# Trig Identity

1/(cosA+sinA) + 1/(cosA-sinA) = tan2AcosecA

I got as far as LHS= 2cosA/cos^2A - sin^2A.

arildno
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Well, how is cos^2A-sin^2A related to cos2A?

TD
Homework Helper
And then for the RHS, try changing the tan and the csc to the corresponding sine and/or cosine expressions.

arildno said:
Well, how is cos^2A-sin^2A related to cos2A?[/QUOT
one side is equal to the other.

I got as far as simplifying the equation to 2cosA / cos2A. What now?

Tom Mattson
Staff Emeritus
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brandon26 said:

1/(cosA+sinA) + 1/(cosA-sinA) = tan2AcosecA

I got as far as LHS= 2cosA/cos^2A - sin^2A.

So far so good. To finish you'll need the following trig identity:

$$\tan(2A)=\frac{2\tan(A)}{1-\tan^2(A)}$$

You'll want to try to make the LHS of your identity look like that. To do that you'll need to divide the numerator and denominator of your expression by some other expression, and you need to figure out which one that is.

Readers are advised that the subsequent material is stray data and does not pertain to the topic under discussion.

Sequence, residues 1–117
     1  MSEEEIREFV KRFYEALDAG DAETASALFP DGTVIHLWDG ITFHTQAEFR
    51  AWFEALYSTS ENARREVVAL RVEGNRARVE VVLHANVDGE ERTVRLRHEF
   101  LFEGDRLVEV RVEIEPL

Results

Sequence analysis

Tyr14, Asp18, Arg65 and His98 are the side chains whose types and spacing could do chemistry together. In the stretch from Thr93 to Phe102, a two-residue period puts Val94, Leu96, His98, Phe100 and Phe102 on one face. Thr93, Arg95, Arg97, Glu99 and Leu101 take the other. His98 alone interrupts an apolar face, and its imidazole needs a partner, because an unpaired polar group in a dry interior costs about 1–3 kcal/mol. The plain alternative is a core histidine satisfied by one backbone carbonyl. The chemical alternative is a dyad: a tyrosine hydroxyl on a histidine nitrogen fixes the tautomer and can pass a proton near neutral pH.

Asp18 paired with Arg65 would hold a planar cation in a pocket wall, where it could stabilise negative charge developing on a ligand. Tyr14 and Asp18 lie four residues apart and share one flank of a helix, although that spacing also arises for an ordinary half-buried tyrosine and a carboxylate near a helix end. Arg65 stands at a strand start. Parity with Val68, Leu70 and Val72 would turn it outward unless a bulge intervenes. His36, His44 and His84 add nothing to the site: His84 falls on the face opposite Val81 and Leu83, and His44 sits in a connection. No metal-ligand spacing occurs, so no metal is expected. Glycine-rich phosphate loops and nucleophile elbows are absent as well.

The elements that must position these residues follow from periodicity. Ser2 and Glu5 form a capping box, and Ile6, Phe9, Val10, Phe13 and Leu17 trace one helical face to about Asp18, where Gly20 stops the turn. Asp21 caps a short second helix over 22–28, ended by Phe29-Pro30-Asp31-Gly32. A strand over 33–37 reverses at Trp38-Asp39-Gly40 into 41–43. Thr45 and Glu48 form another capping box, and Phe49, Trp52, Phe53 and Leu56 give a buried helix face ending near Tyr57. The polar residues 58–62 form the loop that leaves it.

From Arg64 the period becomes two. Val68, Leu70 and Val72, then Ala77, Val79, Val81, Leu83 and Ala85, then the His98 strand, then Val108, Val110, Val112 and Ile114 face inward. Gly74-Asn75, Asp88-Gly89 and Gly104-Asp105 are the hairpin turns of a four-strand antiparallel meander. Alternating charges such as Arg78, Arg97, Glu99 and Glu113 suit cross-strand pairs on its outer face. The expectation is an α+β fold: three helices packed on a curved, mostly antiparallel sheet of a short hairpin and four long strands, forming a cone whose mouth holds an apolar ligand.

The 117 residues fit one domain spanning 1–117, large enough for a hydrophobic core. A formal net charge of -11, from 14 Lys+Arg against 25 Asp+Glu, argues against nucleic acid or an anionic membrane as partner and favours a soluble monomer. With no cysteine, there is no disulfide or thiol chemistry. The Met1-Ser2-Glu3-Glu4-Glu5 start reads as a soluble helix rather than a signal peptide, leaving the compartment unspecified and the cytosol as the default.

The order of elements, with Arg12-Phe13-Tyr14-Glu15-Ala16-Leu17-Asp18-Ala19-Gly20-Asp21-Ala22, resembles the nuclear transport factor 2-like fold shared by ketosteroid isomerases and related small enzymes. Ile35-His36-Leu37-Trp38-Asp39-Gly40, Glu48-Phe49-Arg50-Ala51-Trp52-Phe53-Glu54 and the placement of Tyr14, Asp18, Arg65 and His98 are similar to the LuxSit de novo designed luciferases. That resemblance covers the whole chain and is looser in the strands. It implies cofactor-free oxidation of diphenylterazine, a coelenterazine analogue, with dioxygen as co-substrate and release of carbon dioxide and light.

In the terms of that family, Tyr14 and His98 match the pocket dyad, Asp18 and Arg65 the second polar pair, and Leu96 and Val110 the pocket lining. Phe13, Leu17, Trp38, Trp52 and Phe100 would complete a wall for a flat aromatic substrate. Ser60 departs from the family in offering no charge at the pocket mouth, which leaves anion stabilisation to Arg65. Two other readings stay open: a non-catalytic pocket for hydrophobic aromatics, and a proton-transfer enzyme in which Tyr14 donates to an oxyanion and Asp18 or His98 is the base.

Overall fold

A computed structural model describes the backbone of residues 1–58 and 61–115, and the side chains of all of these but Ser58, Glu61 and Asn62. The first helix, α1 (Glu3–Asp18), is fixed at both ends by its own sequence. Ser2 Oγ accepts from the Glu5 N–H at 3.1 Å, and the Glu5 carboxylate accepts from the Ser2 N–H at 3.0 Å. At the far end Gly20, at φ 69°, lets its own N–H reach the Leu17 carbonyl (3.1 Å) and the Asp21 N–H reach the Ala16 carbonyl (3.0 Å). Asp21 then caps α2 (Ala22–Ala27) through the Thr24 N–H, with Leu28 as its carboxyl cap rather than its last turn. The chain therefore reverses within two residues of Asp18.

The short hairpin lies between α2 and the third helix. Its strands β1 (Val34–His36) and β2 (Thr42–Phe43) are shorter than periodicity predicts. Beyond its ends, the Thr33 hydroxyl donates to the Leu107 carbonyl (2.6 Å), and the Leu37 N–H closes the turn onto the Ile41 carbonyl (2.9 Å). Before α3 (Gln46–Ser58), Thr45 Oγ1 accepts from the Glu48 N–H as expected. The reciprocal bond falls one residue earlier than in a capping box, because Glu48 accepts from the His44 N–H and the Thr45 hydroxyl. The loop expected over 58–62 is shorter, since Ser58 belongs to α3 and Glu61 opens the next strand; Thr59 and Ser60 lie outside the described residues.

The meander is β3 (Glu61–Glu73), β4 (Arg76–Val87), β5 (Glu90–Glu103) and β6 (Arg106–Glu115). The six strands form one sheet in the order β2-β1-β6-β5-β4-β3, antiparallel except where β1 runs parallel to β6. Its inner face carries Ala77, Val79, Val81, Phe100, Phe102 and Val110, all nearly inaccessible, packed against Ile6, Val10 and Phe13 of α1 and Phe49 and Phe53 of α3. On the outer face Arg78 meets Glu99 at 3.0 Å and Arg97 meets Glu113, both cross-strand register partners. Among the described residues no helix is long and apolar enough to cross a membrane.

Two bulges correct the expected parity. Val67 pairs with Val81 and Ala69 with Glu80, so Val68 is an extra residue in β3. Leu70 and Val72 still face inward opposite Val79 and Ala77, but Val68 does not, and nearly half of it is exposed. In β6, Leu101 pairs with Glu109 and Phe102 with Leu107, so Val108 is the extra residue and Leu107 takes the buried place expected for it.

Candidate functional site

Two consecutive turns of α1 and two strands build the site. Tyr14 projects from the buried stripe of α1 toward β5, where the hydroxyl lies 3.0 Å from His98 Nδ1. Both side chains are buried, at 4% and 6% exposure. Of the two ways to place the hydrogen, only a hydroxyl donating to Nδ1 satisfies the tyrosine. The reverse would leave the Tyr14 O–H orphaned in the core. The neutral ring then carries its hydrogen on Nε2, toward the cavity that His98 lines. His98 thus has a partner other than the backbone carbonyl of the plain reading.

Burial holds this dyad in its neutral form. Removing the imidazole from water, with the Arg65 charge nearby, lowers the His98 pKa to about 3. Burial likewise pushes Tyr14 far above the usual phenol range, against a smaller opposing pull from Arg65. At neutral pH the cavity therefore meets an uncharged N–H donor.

Hint: Look at the $1$ in the denominator above. What would you have to divide $\cos^2(A)$ by to get a $1$?

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arildno
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The simplest way is now to see:
$$\frac{2\cos(A)}{\cos(2A)}=1*\frac{2\cos(A)}{\cos(2A)}=\frac{\sin(2A)}{\sin(2A)}*\frac{2\cos(A)}{\cos(2A)}=\frac{2\cos(A)}{\sin(2A)}\tan(2A)$$

I'll leave the last step to you..

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TD
Homework Helper
brandon26 said:
I got as far as simplifying the equation to 2cosA / cos2A. What now?
Once you have this, substitute tan(2a) by sin(2a)/cos(2a) and use the double angle formula on sin(2a). After that, realize that csc(a) = 1/sin(a) and you should be there

arildno said:
The simplest way is now to see:
$$\frac{2\cos(A)}{\cos(2A)}=1*\frac{2\cos(A)}{\cos(2A)}=\frac{\sin(2A)}{\sin(2A)}*\frac{2\cos(A)}{\cos(2A)}=\frac{2\cos(A)}{\sin(2A)}\tan(2A)$$
I'll leave the last step to you..

tan2A (2cosA/sin2A) = tan2A (2cosA/ (2sinAcosA)) = tan2AcosecA.

Safe boys!